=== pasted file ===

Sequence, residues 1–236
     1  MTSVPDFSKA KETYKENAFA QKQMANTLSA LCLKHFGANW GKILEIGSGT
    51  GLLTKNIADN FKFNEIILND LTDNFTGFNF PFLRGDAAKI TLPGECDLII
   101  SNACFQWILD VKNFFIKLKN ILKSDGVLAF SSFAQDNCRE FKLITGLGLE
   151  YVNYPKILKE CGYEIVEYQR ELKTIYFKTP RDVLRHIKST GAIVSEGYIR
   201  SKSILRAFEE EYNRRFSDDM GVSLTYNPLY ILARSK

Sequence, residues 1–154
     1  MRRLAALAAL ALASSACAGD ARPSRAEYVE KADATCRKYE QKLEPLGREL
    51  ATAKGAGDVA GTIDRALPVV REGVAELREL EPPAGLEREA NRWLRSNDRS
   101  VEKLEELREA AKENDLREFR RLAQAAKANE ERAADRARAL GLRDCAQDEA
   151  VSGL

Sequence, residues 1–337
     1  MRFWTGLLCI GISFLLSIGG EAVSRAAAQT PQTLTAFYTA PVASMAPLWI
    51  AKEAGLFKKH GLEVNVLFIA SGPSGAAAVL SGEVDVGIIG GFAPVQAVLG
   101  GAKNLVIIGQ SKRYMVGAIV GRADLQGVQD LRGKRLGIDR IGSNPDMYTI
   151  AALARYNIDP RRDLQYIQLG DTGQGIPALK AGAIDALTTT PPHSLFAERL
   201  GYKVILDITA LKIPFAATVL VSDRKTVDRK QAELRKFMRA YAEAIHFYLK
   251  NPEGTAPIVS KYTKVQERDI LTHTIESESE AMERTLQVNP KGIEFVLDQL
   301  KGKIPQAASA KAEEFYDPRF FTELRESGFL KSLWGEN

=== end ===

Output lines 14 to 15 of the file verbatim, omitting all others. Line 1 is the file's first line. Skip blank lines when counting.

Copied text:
    51  AKEAGLFKKH GLEVNVLFIA SGPSGAAAVL SGEVDVGIIG GFAPVQAVLG
   101  GAKNLVIIGQ SKRYMVGAIV GRADLQGVQD LRGKRLGIDR IGSNPDMYTI